The KNL register architecture (as described in the IEEE Micro paper) is unusual -- the architectural registers are not a subset of the rename registers, but are a separate structure that is updated at instruction retirement.  This requires a extra read port on the rename registers, which seems expensive to me....  If I am counting correctly, 2 FMAs per cycle, the FP rename registers have to support 8 512-bit reads and 2 512-bit writes.  (Each FMA requires reading 3 input registers and writing 1 output register, and the retirement unit has to read the output register for each FMA in order to copy it to the architectural registers.)   That is a lot of ports!

"Dr. Bandwidth"

Sorry about the assembler muck-up (ATT assembler format verses Microsoft assembler format as to if destination is rightmost or leftmost register).

I hope that the Intel CPU design engineers can make use of this test to locate and tweak the performance a bit.

In looking at your utexas.edu link and then going to your home page of your blog, you have an interesting presentation of performance variability, which appears to be caused by Snoop Filter Conflicts. This is quite interesting and may shed additional light upon an observation (and hypothesis) of the behavior of a program illustrated on http://www.lotsofcores.com/ (Plesiochronous Phasing Barriers in Action). In viewing the video, bottom right quadrant, it can be observed that (after first complete pass populating cache) the thread stall time is not consistent (indicating some threads taking longer than others). In the presentation I assumed that this was attributable to an interaction with interrupt service causing cache line evictions. After reading your paper on Snoop Filter Conflicts, it may be a case that some of the thread completion skew is due to Snoop Filter Conflicts.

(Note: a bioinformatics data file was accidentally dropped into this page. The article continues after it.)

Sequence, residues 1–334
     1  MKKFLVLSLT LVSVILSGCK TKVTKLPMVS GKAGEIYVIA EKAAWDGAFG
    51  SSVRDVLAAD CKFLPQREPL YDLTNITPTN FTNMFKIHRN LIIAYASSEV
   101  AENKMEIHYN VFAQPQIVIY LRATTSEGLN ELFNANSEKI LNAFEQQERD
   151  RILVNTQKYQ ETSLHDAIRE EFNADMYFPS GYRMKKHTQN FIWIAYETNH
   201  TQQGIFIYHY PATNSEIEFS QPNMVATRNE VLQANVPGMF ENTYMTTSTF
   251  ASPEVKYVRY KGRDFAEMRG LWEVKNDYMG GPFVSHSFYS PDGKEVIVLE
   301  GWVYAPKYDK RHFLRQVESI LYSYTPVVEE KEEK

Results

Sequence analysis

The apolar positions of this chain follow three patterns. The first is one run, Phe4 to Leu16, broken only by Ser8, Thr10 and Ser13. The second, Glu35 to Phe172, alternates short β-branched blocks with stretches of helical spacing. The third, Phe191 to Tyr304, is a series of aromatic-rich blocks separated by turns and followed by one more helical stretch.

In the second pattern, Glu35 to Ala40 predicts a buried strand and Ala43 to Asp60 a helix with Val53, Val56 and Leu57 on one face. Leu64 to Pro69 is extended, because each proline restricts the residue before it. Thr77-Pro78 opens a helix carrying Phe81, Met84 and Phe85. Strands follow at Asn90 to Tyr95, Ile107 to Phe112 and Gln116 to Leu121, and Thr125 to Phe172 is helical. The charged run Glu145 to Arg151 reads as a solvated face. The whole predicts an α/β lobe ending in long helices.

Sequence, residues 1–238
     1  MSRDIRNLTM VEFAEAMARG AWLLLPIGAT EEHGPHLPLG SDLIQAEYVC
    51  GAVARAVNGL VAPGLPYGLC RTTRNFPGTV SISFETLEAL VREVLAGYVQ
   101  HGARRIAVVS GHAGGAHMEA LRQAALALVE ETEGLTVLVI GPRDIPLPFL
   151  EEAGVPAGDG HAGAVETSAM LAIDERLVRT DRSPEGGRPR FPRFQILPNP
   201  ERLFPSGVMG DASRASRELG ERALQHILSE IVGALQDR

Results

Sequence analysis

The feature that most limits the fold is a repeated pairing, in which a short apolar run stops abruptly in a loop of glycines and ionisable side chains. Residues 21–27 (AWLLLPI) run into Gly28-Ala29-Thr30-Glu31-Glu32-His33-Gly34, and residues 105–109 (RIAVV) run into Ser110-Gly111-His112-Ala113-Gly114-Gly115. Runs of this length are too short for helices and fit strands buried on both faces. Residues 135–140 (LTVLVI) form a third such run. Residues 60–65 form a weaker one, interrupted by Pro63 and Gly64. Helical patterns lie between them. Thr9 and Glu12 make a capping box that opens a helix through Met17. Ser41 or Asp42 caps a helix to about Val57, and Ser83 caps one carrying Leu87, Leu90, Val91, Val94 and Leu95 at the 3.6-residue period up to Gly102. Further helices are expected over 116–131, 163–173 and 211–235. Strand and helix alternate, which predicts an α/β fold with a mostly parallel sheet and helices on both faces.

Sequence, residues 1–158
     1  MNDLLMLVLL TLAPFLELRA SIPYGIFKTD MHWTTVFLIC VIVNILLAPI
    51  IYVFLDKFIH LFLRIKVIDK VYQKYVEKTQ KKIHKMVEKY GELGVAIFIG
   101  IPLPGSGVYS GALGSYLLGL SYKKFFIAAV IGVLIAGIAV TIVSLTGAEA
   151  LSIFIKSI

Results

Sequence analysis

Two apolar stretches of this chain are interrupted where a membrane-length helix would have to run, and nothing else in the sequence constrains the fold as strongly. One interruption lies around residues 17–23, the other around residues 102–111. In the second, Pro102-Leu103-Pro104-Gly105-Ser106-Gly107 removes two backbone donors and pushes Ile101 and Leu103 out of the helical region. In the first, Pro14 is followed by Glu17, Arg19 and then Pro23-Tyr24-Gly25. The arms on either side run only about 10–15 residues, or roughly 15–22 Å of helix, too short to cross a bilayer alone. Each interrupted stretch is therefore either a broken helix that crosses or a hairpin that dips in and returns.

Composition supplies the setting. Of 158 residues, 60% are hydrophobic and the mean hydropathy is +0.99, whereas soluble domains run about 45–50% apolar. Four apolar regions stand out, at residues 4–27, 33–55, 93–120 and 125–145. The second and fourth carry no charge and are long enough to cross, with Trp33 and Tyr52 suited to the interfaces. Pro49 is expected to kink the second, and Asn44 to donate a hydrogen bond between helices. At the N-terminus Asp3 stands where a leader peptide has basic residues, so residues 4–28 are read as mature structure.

FWIW, the technique used in that article was devised to circumvent the problem you observed (page 29) with Static load distribution with synchronization whereby when one thread is delayed by (Snoop Filter Conflict induced) cache eviction in reaching the synchronization point, that all threads (being synchronized) suffer the delay. The Plesiochronous Phasing Barrier mitigates this by synchronizing reduced to the HT within core basis as opposed to all cores/threads in team. IOW permitting the cores to skew (when possible).

Jim Dempsey

Additional hypothesis for cause of Snoop Filter Conflicts

The cause may not necessarily be cause by juxtaposition of cache lines between cores due to the event observation being ~1% of the time and potentially restricted to specific cores within the CPU. The cause may due to a confliction induced the (near) simultaneous access of particular cache line combinations. IOW should the progress of the core differ from the conflicting observation then the conflict would not appear. A second possibility to explore would be if the conflict occurs when conditions are right (wrong) for Core-N -> Core-M but not Core-M -> Core-N (i.e. due to path taken in the conflict resolution).

Jim Dempsey

The SKX snoop filter is 12-way set-associative, so to get into a "thrashing" scenario you have to be accessing at least 13 lines repeatedly in a relatively short time period.  With 24 cores/48 threads, it is possible to get into this state with each core or thread accessing only a single cache line, but all my tests are based on threads accessing contiguous (virtual) blocks.

KNL also shows snoop filter conflicts, but I don't think that Intel has documented the associativity on that processor.   The problem is somewhat less obvious on KNL because the shared L2 cache makes the L2 cache miss rate more variable.  The interaction of relative thread timing and the dynamic behavior of the L2 hardware prefetcher makes L2 cache miss rates pretty close to unpredictable.....

"Dr. Bandwidth"

Leave a Comment

Please sign in to add a comment. Not a member? Join today